they are publication quality, this avoids unnecessary work for Editors and Reviewers and unnecessary
delays for authors. Coral Reefs does not charge for color figures in either the online or printed version
of the journal. However, the Editors will assess in each case whether the use of color is justified.
Figures must be uploaded onto Editorial Manager each in its own Figure file, correctly formatted.
Graphs and Line Drawings
Prepare as VECTOR format line graphics and store in EPS format (with TIF
preview). Adobe Illustrator is the preferred program to create EPS files. Please do not draw with
hairlines; the minimum line width is 0.2 mm (i.e., 0.567 pt) relative to the final size. Use Open Type
fonts or convert fonts to paths or outlines. If a line drawing cannot be computer generated it may be
captured by scanning and inserted as a bitmap into an EPS file. The scan should be composed at 800
dpi or greater relative to final size, before inserting in the EPS file. Please bear in mind that any
bitmap images embedded in an EPS file cannot be edited by the journal office, or the printer. Any
alterations required, however minor, will have to be returned to the author. Where possible any text,
etc., should be added in vector EPS format. Programs such as Adobe Illustrator and Corel Draw can
also be used to vector trace and vector paint embedded bitmaps, but the end result will depend on
the initial bitmap quality. Graphs should be prepared using a good scientific graphing program which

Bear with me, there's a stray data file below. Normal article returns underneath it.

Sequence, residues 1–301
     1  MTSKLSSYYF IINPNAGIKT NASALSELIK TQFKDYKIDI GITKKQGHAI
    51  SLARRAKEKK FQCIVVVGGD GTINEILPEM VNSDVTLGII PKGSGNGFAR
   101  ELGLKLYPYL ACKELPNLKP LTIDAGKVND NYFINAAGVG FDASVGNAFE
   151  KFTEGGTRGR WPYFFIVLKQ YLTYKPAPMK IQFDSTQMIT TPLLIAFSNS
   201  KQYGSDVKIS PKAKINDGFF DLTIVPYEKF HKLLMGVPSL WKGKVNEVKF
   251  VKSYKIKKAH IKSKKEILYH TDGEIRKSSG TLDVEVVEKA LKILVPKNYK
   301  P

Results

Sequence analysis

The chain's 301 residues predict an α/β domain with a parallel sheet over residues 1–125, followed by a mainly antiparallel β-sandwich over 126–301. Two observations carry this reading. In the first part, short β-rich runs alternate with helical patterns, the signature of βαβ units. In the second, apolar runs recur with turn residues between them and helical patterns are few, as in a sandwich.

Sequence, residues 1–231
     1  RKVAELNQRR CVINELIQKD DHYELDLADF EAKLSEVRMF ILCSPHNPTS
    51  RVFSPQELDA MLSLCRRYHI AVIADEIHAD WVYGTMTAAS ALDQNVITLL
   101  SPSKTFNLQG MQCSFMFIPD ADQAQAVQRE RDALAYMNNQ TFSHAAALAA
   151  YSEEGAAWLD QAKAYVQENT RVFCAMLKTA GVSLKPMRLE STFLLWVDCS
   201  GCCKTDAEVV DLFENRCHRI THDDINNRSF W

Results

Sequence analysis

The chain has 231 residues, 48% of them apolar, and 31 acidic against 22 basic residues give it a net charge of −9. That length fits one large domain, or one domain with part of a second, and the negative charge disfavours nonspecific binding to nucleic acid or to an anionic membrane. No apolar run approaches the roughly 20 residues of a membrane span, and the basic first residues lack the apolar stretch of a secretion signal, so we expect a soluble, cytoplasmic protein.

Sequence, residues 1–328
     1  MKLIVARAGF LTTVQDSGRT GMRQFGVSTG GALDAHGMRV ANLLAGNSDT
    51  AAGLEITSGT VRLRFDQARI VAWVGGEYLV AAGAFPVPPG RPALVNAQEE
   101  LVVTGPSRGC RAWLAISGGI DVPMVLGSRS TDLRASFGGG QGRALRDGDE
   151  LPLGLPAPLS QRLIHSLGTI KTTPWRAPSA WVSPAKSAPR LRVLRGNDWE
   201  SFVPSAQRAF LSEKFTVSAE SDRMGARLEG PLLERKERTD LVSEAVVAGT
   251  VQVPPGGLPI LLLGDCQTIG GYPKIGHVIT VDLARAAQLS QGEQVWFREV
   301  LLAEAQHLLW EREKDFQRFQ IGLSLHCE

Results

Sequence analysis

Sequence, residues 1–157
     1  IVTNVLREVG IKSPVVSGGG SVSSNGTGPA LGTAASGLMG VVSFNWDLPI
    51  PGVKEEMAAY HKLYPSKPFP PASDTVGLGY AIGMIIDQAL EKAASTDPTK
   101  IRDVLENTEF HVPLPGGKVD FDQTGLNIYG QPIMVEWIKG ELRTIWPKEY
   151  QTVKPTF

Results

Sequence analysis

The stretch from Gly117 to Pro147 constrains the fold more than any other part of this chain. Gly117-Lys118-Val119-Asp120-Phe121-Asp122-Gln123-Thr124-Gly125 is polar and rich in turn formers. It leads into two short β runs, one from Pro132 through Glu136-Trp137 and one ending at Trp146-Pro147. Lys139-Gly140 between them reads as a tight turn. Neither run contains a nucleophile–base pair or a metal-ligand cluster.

can save/export the graph directly to an EPS file. We cannot accept scanned graphs other than in
exceptional circumstances with prior approval from the Editorial Office. Figures composed of part
photograph and extensive line art (whether color or black and white) should be submitted in EPS
format where the photograph will be in bitmap format (at 300dpi) and the lineart/text in vector. If the
figure only contains a very small amount of line art, e.g., scale bars and labels, it may be prepared as
a photograph (see below). In EPS figures, the edges of lines and text should be crisp when viewed at
high magnification ‘onscreen’. Pixelly or fuzzy edged line art will not be suitable. Please be sure that all
figure axes are labeled and include the appropriately formatted units. Text within the figure should not
vary greatly in text size, e.g., subheadings, axis labels, and scales should be similarly sized.
Where a figure contains several parts, these must always be presented as a single composite.
Lowercase letters (a, b etc.) must be used to identify figure parts in the figure, in the manuscript text,
and in the figure legend. If the composite involves both halftones (e.g., photographs) and
line art (graphs or line drawings) the correct format is an EPS file with the halftone as an embedded
raster (bitmap) image and the remaining line art and text mark up in VECTOR format. Vector drawing
programs such as Adobe Illustrator and Corel Draw should be used to do this. Composites containing
halftones with limited additions of text and markers, such as labels, arrows, and scale bars, can be
prepared in image processing software (e.g., Photoshop) and submitted as TIF files.
These should be prepared as for Line Drawings. They should include a scale and a compass
orientation. Latitude and Longitude should be expressed in degrees, minutes, and where necessary,
seconds together with N/S and E/W. They must include some text mark up to identify important
Black and White, and Color photographs should be saved in TIF format (Color as RGB 8 bits per
channel, B&W as greyscale) Scan/save the image at 300dpi. Use scale bars and embedded text and
annotations as required. Several figures or figure parts should be grouped in a plate on one page.
Where there is extensive annotation it is better to use an EPS format (see above) adding the mark up
in VECTOR text. TIF figures are preferred at the size of one or two column widths (either 8.6 or17.6
cm). The maximum printed page height is 23.6 cm. Authors should prepare any TIF figures at the